Without a doubt, Hellions has been the most unique and ambitious series of the Dawn of X era, making readers care about characters they likely hadn’t given a second thought to before. Hellions tends to take the most risks with its characters as well, and Hellions #7 once again proves that those risks pay off.
One of the most intriguing questions brought up by X of Swords was the nature of resurrection when mutants are off Krakoa. In Hellions #6, Sinister turned on his own team, causing the deaths of Wild Child, Orphan-Maker, and Nanny in Arakko while murdering Psylocke, Havok, Greycrow, and Empath on Krakoa. Hellions #7 introduces the predicament of whether or not those who died in Arakko could be resurrected at all and defines the difference between dying in Arakko vs. Otherworld.
With X of Swords opening up the sandbox for the writers to play in, giving them access to other realms so to speak, the question of resurrection becomes increasingly pertinent. Hellions introduces another stake to the game, revealing that resurrections for deaths that take place in Arakko result in changes to the newly cloned mutants. The web is weaved further when Charles Xavier himself bans Orphan-Maker from receiving his X-gene upon resurrection due to the nature of these changes. In a sense, Charles has refused Peter his birthright, something that goes against Krakoa as a concept — though he did so for the greater good. This introduces a palpable moral conflict for the Krakoa-era to deal with, giving the Charles another controversial decision under his belt.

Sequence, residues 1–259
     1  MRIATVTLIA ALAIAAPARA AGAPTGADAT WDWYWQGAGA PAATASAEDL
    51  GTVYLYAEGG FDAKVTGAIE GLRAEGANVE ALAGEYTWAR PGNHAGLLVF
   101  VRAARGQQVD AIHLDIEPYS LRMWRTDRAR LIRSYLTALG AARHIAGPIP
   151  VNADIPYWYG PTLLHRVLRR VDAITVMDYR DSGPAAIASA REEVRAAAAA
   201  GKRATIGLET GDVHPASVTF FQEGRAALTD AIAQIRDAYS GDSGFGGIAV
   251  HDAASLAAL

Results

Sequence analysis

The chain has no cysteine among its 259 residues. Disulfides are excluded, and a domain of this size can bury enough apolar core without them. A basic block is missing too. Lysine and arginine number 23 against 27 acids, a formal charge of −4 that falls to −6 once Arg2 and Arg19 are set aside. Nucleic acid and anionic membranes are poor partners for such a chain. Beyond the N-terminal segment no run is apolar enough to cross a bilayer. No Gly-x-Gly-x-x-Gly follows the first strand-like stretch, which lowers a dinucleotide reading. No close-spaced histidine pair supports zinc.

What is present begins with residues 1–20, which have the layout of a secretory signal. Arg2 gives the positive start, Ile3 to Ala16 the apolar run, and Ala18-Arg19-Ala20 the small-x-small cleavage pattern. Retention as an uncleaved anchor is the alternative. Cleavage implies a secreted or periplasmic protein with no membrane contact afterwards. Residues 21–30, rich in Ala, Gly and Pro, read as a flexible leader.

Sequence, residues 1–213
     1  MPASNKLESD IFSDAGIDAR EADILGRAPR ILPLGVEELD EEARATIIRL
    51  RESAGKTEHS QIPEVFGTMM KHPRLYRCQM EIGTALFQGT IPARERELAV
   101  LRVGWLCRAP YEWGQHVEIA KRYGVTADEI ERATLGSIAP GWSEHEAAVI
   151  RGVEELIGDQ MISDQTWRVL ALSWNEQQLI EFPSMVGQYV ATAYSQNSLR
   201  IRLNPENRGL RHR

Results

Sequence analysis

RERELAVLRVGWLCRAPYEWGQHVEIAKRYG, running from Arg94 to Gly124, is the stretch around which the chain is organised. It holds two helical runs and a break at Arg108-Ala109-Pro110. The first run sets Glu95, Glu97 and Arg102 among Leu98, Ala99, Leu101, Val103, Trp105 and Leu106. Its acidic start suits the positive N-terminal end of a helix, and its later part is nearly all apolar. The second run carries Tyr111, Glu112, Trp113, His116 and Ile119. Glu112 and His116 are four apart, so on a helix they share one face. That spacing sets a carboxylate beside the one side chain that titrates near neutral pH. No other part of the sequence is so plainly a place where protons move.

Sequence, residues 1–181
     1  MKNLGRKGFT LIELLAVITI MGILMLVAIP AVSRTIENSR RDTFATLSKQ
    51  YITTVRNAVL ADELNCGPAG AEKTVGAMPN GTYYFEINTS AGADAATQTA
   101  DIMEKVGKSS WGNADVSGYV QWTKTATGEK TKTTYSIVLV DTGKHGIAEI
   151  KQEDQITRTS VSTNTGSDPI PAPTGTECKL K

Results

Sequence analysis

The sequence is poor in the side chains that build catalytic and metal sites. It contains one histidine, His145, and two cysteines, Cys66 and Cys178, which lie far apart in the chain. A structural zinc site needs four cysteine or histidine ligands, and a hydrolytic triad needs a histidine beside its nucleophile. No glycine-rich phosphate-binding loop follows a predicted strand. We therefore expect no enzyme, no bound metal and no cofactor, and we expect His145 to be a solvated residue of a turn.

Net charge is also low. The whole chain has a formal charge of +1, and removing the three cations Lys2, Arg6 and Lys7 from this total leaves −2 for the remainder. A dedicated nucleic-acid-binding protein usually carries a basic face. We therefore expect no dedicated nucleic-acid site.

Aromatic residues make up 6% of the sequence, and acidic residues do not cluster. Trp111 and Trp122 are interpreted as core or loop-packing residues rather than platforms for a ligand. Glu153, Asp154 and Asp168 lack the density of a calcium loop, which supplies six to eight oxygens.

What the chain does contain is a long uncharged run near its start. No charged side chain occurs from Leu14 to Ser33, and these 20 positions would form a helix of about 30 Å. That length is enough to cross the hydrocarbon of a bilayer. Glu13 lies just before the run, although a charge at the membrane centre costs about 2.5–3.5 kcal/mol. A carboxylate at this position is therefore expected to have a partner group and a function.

Emma and Alex share a brief moment, though it’s hard not to notice the implications behind it. Emma and Alex have never had a strong relationship per se, though Emma’s moment of concern for Alex is completely justified. Not only is Emma dating his brother, Scott, but she’s more than proved her love for him and those he cares about. It’s always a treat to see Emma’s caring side and how she looks out for those who matter to her. Seeing more of these two interact could be an interesting way to develop the Summers family as a whole.
Kwannon also gets her fair share of development, setting up an interesting moral conflict for her. Sinister is holding her daughter over her head, causing Kwannon to take a “no-nonsense” approach to leading the Hellions. Her own internal conflict is without a doubt going to be intriguing moving forward, as will be the reactions of her teammates. The name Apoth is brought up for the first time since Fallen Angels, proving that Kwannon’s story is far from over.
One of Hellions #7’s best moments happens in its final pages with the return of a classic villain, Cameron Hodge. Seeing so many characters — villains and heroes alike — return has truly been a highlight of the Dawn of X era and Hodge’s reappearance is certainly exciting.
The only downside to Hellions #7 is a possible continuity error with Jean’s appearance on the Quiet Council. One of the big moments of X-Men #15 was when Jean Grey decided to leave the Quiet Council, opting to save her son on Otherworld instead. Inexplicably, Jean is on the Council in Hellions #7, even though the text makes it clear that this story takes place after the events of X of Swords.
Wells’ writing is punchy when it needs to be, highlighting the dysfunctional dynamic of his lovable band of misfits. At the same time, he proves his capacity for a darker, more serious tone for the series, setting up emotional conflicts for Havok and Psylocke in the future. The worldbuilding provided for the resurrection protocols introduces exciting potential for the entire Dawn of X line moving forward. The art is, as usual, a visual treat. Hellions #7 is fun and emotional when it needs to be, introducing an exciting new chapter for a series that often keeps its readers on its toes.
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